Texture analysis by multi-resolution fractal descriptors

12/26/2014 ∙ by João B. Florindo, et al. ∙ Universidade de São Paulo 0

This work proposes a texture descriptor based on fractal theory. The method is based on the Bouligand-Minkowski descriptors. We decompose the original image recursively into 4 equal parts. In each recursion step, we estimate the average and the deviation of the Bouligand-Minkowski descriptors computed over each part. Thus, we extract entropy features from both average and deviation. The proposed descriptors are provided by the concatenation of such measures. The method is tested in a classification experiment under well known datasets, that is, Brodatz and Vistex. The results demonstrate that the proposed technique achieves better results than classical and state-of-the-art texture descriptors, such as Gabor-wavelets and co-occurrence matrix.



There are no comments yet.


page 2

page 4

page 5

page 6

This week in AI

Get the week's most popular data science and artificial intelligence research sent straight to your inbox every Saturday.

I Introduction

Fractal theory plays a fundamental role as an auxiliary tool in the solution of problems in areas as different as Medicine TWZ07 ; LC10 ; LSSMDB10 , Physics SMS10 ; HWZ08 ; CCWH10 , Engineering CDHLAB03 ; W08 ; DAGGR09 , among many others. Particularly, in tasks involving texture analysis, fractal geometry is a powerful modelling tool, achieving interesting results in the description and discrimination of such textures.

In the last two decades, some different fractal approaches to deal with texture analysis have arisen, for instance, multifractals H01 ; LRAJ08 ; LGS00 , the multiscale fractal dimension MCSM02 ; CC00 , the fractal descriptors BPFC08 ; BCB09 ; PPFVOB05 ; FCB10 , among others. Here, we are interested in the fractal descriptors approach.

The main idea of fractal descriptors is to extract a set of features from the estimation of fractal dimension under different scales. Generally, the fractal dimension is based on a power-law relation which expresses the fractality of a structure as a function of measure scale. Unlike the fractal dimension which is a single value, the fractal descriptors are computed over the whole power-law curve FlorindoBCB12; FlorindoB11.

An example that illustrates the power of fractal descriptors is showed in BCB09

. In that solution, the values in the power-law of Bouligand-Minwkowski fractal dimension are used to compose a feature vector to discriminate among plant leaf textures. Actually, this method demonstrates to be successful in the discrimination of natural textures. Such kind of texture present an intrinsic self-similarity property which is notedly well represented by fractal modeling.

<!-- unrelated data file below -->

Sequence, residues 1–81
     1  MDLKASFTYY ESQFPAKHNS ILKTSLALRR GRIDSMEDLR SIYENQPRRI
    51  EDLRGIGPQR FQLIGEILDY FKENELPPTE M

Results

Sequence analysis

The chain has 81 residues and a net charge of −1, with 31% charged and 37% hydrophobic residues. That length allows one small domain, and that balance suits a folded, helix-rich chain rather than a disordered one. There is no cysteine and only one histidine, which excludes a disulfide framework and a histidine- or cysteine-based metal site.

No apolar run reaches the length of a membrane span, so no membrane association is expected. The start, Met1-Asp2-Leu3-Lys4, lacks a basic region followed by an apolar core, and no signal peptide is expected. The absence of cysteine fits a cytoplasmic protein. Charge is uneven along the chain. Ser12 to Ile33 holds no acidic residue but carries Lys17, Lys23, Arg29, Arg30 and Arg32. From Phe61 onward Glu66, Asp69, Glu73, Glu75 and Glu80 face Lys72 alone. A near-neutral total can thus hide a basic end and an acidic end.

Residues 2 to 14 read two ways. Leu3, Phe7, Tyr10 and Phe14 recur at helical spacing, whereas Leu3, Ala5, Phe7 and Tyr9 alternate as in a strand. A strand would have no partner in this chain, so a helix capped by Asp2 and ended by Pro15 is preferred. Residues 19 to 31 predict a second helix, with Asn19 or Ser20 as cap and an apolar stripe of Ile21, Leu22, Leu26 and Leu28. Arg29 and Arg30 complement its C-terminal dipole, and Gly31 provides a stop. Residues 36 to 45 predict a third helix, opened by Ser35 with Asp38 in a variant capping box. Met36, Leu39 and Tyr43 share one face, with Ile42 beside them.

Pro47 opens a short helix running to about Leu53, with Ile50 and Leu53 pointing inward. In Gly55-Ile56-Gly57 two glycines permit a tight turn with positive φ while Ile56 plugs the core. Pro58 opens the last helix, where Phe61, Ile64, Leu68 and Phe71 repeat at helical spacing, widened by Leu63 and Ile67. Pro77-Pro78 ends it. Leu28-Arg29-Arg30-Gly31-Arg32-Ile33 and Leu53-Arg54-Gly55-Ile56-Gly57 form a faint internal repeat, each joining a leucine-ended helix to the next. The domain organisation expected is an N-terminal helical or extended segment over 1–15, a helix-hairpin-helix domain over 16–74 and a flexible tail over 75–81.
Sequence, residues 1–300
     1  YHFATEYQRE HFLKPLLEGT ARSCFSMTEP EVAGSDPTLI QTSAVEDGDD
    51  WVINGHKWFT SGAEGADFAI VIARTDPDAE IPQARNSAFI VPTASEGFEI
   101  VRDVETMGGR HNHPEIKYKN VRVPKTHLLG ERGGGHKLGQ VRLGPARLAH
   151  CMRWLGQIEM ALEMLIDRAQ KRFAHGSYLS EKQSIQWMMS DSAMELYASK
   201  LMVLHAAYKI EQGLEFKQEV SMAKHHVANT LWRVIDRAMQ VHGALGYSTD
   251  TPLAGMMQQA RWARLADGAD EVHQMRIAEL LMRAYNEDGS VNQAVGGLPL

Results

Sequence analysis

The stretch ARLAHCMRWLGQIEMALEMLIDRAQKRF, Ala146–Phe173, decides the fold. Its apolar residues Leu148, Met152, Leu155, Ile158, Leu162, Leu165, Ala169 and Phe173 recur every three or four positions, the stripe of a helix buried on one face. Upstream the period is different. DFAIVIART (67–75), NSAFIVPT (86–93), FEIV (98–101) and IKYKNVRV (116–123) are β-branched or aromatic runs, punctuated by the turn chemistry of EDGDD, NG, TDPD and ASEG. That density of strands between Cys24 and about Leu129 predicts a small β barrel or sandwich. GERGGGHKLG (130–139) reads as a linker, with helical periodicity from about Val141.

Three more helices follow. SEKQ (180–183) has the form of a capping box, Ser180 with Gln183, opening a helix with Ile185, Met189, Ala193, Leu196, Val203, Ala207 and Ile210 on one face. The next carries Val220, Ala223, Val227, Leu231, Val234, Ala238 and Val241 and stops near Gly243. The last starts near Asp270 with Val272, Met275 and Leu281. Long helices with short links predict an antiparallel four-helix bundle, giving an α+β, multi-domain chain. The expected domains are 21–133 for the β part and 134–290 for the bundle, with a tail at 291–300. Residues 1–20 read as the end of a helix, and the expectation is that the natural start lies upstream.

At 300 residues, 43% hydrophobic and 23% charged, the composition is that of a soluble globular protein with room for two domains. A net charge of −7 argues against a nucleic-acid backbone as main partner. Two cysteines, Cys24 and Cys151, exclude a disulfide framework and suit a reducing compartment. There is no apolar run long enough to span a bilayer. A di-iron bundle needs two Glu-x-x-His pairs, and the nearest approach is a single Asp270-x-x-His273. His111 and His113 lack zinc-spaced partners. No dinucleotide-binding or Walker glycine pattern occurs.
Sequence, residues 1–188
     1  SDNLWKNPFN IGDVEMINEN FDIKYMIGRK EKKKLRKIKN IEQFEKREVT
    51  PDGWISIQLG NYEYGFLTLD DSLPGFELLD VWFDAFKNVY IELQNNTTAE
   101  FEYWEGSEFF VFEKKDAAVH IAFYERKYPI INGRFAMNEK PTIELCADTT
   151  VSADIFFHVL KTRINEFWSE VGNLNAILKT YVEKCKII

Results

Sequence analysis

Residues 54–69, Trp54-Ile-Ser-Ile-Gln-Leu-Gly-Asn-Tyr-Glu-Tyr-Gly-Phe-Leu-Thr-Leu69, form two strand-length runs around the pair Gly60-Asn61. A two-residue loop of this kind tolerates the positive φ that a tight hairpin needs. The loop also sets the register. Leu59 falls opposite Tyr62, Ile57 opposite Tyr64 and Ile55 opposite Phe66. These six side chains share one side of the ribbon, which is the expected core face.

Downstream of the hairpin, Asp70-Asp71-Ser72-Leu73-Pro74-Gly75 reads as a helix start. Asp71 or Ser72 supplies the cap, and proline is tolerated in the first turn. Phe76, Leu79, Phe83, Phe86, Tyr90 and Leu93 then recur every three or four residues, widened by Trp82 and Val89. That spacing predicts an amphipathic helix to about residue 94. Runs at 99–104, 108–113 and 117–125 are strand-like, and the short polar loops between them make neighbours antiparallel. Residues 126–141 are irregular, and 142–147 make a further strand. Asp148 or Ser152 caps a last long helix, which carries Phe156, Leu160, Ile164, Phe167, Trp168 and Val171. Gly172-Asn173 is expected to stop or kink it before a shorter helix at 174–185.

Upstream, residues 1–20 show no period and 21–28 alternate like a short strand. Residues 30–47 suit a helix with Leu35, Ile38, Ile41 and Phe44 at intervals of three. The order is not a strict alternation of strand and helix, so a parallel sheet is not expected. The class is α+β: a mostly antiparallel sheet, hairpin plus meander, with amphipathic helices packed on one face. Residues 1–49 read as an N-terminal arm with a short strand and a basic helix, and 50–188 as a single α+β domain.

Despite their good results, conventional Bouligand-Minkowski fractal descriptors present still a limitation in the representation of textures, mainly when these textures present a higher degree of complexity. This limitation is due mainly to the fact that the descriptors are obtained from the global image, without a more specific treatment of local characteristics present in any real image. Thus, we can obtain more information by estimating those descriptors in different scales over the image.

Considering this assumption, the present work proposes a solution to extract fractal descriptors from a texture based on Bouligand-Minkowski method. Here, we propose the estimation of Bouligand-Minkowski descriptors at different scales (decomposition levels) of the image. The idea is to decompose recursively the image into 4 equal parts and, in each recursion step, we calculate an average and a deviation of the Bouligand-Minkowski descriptors. Thus, from both average and deviation descriptors, we extract entropy measures and compose the feature vector for the texture image.

The method is tested over well-known benchmark texture datasets in a classification task and the results are compared to classical and state-of-the-art texture features methods in the literature, like Gabor wavelets MM96 , Laws energy L84 , Gray Level Difference Matrix WDR76 , etc. The results confirmed the better accuracy of the proposed technique and pointed to the possibility of using the proposed method in a large number of problems involving the description and/or discrimination of textures.

This work id divided into 7 sections, including this introduction. The following provides mathematical background of fractal theory. The third section shows the original Bouligand-Minkowski fractal descriptors. The fourth presents the proposed method. The following explains the experiments. The sixth shows the results of experiments and the final section does the conclusions.

Ii Fractal Geometry

The literature shows some works applying fractal geometry to solve problems related to texture analysis in a large number of applications TWZ07 ; SMS10 ; CDHLAB03 . The importance of fractals in such kind of tasks is explained by the most flexible representation model provided by fractal theory. In this way, the fractal representation allows the extraction of measures which may describe more faithfully the original structure depicted in the texture image.